⌚ September 10, 2014
We can express fractional values in binary just as we can in decimal. A radix point separates the whole number portion from the fractional portion in binary just as a decimal point separates the whole number portion from the fractional portion in decimal.
The dot (.) serves the same purpose as a decimal point to separate the whole number part from the fractional part, but it is called a radix point in binary. The only difference is the name. All place values to the left of the radix point are 1 or greater, while all place values to the right of the radix point are less than one.
Fractional Place Value
The value of a bit is determined by the value of the place it occupies in a place value chart. Values to the left are greater while values to the right are smaller. We find the place values of places right of the radix point by raising 2 to negative powers starting with 2^-1. (The caret symbol ^ means to raise to a power.)
Recall the definition of negative exponents from algebra.
We use this definition to form a binary place value chart containing fractional places.
Immediately to the right of the radix point, start with 2^-1. There is only one 2^0, and it is located immediately to the left of the radix point as before. For each place to the right, raise 2 to a successive negative power: 2^-2, 2^-3, 2^-4, and so on. To find the value of each place, convert the negative exponent into a fraction. The rules are the same as in algebra.
Just as we raise 2 to a successive positive power to find the place values to the left of the radix point, we can raise 2 to successive negative powers to find the place values to the right of the radix point.
The first place to the right of radix point is 1/2, not 1, because 1 is a whole number and whole numbers are located to the left of the radix point. We obtain the first fractional place, 1/2, by dividing 1 by 2. This technique leads to another way to find the fractional place values. We can divide each successive place on the right of the radix point by 2.
For an easier shortcut in finding fractional place values, count 2, 4, 8, 16, 32, and so on and let the number be the denominator while keeping the numerator as 1. This produces 1/2, 1/4, 1/8, 1/16, and 1/32. There is no limit to the number of fractional bits possible, so use only those needed.
Zeros to the right of the least significant bit have no value just as zeros to the left of the most significant bit have no value. Both can be discarded unless padding is required for readability.
0001b = 1b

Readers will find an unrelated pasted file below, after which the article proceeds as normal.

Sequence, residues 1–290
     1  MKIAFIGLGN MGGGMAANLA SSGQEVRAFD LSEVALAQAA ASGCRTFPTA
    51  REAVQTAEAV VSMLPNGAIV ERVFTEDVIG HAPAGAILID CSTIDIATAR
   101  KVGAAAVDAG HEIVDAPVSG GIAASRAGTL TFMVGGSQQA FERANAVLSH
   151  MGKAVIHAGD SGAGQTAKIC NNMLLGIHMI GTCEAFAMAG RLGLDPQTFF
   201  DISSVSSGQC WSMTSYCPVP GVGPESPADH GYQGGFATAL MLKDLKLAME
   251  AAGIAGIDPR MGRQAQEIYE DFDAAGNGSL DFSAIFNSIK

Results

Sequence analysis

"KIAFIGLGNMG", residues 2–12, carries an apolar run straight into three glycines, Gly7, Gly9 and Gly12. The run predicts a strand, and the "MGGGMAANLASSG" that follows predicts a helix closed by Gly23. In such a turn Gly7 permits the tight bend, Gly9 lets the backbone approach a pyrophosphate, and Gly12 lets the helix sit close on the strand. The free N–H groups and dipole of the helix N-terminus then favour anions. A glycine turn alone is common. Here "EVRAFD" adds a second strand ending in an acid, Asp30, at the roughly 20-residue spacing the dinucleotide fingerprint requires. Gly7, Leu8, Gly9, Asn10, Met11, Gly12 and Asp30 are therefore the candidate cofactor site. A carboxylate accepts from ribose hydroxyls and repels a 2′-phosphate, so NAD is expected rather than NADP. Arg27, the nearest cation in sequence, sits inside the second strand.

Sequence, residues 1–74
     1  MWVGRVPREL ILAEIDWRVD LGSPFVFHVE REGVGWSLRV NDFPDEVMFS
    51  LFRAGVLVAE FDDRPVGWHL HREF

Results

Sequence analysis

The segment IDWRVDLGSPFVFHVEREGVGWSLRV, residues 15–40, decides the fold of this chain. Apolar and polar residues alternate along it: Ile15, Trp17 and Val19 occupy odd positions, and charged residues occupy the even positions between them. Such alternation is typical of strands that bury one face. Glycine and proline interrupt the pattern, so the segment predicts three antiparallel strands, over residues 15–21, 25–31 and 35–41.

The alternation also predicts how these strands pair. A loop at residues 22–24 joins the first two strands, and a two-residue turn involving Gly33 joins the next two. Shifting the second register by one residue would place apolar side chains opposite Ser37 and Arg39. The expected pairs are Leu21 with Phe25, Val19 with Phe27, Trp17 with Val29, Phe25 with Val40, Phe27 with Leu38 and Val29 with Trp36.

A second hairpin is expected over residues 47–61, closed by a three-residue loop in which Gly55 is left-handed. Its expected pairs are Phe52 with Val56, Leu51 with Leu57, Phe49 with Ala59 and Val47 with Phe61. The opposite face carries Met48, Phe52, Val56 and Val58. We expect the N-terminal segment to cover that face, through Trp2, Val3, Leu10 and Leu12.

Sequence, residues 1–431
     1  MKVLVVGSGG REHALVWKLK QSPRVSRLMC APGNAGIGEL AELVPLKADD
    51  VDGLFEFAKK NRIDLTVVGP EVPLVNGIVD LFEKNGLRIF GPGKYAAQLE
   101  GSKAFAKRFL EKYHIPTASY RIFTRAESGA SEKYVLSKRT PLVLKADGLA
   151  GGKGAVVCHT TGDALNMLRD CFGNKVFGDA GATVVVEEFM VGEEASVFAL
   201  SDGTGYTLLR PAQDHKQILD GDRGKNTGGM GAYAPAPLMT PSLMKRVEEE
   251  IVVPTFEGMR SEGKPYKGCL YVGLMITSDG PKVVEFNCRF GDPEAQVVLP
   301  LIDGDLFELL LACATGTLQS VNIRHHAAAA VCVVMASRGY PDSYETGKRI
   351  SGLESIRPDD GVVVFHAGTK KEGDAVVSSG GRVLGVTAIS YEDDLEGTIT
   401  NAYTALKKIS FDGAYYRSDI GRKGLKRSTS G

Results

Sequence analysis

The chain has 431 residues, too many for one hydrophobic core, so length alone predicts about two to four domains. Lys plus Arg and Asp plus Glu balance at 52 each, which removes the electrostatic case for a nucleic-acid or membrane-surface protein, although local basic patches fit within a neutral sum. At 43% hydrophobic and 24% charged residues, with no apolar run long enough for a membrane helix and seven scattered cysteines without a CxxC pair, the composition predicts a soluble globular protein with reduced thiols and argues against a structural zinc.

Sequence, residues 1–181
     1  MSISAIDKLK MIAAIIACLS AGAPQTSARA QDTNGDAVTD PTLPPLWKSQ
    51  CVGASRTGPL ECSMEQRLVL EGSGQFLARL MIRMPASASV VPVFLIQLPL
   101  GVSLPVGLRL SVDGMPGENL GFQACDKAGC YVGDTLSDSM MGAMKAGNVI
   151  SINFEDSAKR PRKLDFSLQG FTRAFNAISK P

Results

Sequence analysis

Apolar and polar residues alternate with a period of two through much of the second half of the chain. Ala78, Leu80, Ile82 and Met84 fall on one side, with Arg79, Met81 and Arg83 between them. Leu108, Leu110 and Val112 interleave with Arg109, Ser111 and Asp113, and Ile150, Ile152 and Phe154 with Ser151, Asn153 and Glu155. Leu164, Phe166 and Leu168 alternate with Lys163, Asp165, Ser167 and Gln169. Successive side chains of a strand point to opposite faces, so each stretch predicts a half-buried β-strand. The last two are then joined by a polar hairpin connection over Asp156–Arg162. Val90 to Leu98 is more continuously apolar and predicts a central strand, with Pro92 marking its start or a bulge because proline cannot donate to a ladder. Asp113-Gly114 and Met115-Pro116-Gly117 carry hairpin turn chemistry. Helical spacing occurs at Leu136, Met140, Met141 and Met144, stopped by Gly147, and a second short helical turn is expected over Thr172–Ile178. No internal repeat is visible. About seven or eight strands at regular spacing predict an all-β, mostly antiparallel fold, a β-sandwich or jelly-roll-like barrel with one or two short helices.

.1100b = .11b
01.10b = 1.1b
Converting Binary Fractions to Decimal
Convert the whole part to decimal the same as before, and convert the fractional part to decimal by adding the fractions. Line up the radix point of the binary number with the radix point of the place value chart.
Convert .001b to decimal.
First, create a place value table for each fractional place. Since no whole part exists, we can create a place value chart consisting only of fractional places. Remember to start with 2^-1 immediately to the right of the radix point, not 2^0. Sum all of the fractional values whose place contains a 1 bit.
.001b = 1/8 (base 10)
Convert 1.11b to decimal.
Create a binary place value chart. Line up the binary number by its radix point to ensure that each bit is assigned to the correct place value.
1.11b = 7/4d
Mixed number and improper fraction sums are both correct. In the mixed number sum, the 1 is obtained from the left side of the radix point, and the fractional part is obtained from the right side. The two sums are then added together to form a mixed number. This allows us to calculate the whole number part and the fractional part separately.
Convert 011.101000b to decimal.
The least significant bit is the 1/8 place, so we can drop the three trailing zeros and create a place value chart with three fractional places instead of six. The leading zero before the most significant bit can also be dropped, so the whole number place value chart will contain two relevant places.
Do not use a calculator. All of these problems can be solved with pencil, paper, and some thought.
1. Create a binary place value chart containing four fractional places. Label each place with a power (base 2) and its place value.
2. Create a binary place value chart with five whole number places and three fractional places.
3. True or false: A binary place value chart containing a fractional part may use a decimal point.
4. Create a binary place value chart that can accommodate 1.1b.
5. Create a binary place value chart that can accommodate 10110.001101b.
6. Convert 1.0001b to decimal.
7. Convert 11.11b to decimal.
8. Convert 10101 to decimal.
9. Convert .10001 to decimal.
10. Create a binary place value chart containing ten whole places and twelve fractional places. Label the powers and place values.
Did you remember to include the radix point? If not, then the answer is wrong because a place value chart without a radix point indicates whole numbers, not fractions. The radix point helps avoid ambiguity.
3. False. Though the meaning is the same, the names are different. The “dot” is called a decimal point when used with decimal numbers in a base 10 number system, and the “dot” is called a radix point when used in the base 2 number system.
1.0001b = 1 + 1/16 = 17/16d
Another way to think of this is 2^0 + 2^-4 = 1 + 1/16 = 17/16d.
11.11b = 3 + 1/2 + 1/4 = 12/4 + 2/4 + 1/4 = 15/4d
8. 10101b = 21d (No fractional part exists. This is a whole binary value.)
.10001b = 1/2 + 1/32 = 16/32 + 1/32 = 17/32d